What is the Queens Borough Public Library (QBPL)?
The Queens Borough Public Library (QBPL) operates 62 branch locations, seven Adult Learning Centers and two Family Literacy Centers, in the borough of Queens.
QBPL is a private non-for-profit corporation that contracts with the government to provide library services. It was chartered by the Regents of the State of New York and is funded primarily by the City and State of New York and the federal government, with a smaller share coming from private contributions.
What types of properties does QBPL control?
QBPL occupies most of its branch location properties under free, long-term arrangements with the City of New York. The City retains legal title to the buildings. Where the City does not have a building in a neighborhood that needs a library, the library rents commercial space just like any other business.
Who makes decisions for QBPL?
QBPL operates under the direction of 19 Trustees who together as a Board oversee the management of its assets and affairs. Five additional ex officio trustee positions are reserved on the NYPL Board of Trustees for the Mayor, Public Advocate, New York City Comptroller, the Speaker of City Council, and the Queens Borough President. New Trustees are appointed by either the Mayor or Queens Borough President (they alternate). At all times, the Board must include appointees from each of Queens’ 14 community boards. Any member appointed after June 1, 2014 must either be a resident of Queens or own or operate a business in Queens.
What rules apply when QPL sells or leases public land or buildings?
If the Board of Trustees votes to sell or lease a space operated by QBPL, but owned by the City of New York, the Board must file an application with the City Planning Commission (CPC) and go through the Uniform Land Use Review Procedure (ULURP) process, described here.
If a library space is owned directly by QBPL, its sale is not subject to the ULURP requirements. Instead, such sales need only be approved by the QBPL Board of Trustees. No public input is required (though the Board’s meetings are open to the public).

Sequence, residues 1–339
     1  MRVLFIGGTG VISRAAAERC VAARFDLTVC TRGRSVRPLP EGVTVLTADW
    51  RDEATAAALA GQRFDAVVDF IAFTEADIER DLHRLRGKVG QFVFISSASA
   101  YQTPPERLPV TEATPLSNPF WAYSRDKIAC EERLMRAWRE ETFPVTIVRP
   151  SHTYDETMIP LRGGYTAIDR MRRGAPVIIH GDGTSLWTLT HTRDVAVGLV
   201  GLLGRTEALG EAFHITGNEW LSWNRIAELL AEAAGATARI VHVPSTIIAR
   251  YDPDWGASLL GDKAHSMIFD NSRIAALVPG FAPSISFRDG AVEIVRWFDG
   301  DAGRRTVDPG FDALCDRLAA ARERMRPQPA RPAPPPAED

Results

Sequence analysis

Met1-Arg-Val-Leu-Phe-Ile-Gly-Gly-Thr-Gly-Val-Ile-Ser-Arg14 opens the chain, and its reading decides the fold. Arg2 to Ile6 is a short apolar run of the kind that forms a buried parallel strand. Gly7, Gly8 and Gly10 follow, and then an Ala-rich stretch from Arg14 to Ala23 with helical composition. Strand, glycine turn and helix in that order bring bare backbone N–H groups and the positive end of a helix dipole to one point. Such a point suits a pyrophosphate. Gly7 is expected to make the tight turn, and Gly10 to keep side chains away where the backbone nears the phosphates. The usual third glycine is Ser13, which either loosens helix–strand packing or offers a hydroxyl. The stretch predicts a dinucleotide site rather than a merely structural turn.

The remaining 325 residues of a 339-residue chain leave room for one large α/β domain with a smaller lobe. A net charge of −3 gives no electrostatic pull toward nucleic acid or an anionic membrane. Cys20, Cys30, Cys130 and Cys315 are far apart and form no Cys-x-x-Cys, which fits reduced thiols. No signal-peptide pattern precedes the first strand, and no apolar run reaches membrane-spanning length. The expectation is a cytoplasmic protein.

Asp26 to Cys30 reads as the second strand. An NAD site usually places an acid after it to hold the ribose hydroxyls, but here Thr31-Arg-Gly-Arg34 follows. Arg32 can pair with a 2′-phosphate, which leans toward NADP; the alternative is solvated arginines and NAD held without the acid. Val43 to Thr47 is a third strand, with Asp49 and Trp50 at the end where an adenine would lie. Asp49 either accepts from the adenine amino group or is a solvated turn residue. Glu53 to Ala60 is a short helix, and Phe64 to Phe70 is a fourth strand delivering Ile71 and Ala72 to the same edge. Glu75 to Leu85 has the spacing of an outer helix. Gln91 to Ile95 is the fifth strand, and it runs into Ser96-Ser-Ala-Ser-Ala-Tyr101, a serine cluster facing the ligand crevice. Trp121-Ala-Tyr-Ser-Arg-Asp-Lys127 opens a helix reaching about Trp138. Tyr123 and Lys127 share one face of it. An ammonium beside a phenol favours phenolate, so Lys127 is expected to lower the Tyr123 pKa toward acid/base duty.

If a building has been designated as a landmark by the NYC Landmarks Preservation Commission (LPC), as the Poppenhusen Library in College Point has been, any modifications to the physical building must be approved by the LPC, as described here.
What are the public notice requirements for QBPL projects, and how can community members influence what happens?
Meetings of the QBPL Board of Trustees are open to members of the public. Public and news outlets must be given at least one week notice of an upcoming meeting. Members of the public who want influence the actions of the QBPL may wish to target individual members of the QBPL Board. Alternatively, because QBPL is heavily funded by the City, a local Council Member might be a good ally to local organizing.
Groups can also advocate to have libraries that are not yet designated landmarks become designated. Although the status does not prevent a sale, it limits what owners are able to do with the building (as explained in this report).
For More Information
“New Scrutiny of City’s Library Trustees,” City Limits, June 18, 2014 – this article provides a helpful overview of the different structures of the New York Public Library, Brooklyn Public Library, and Queens Public Library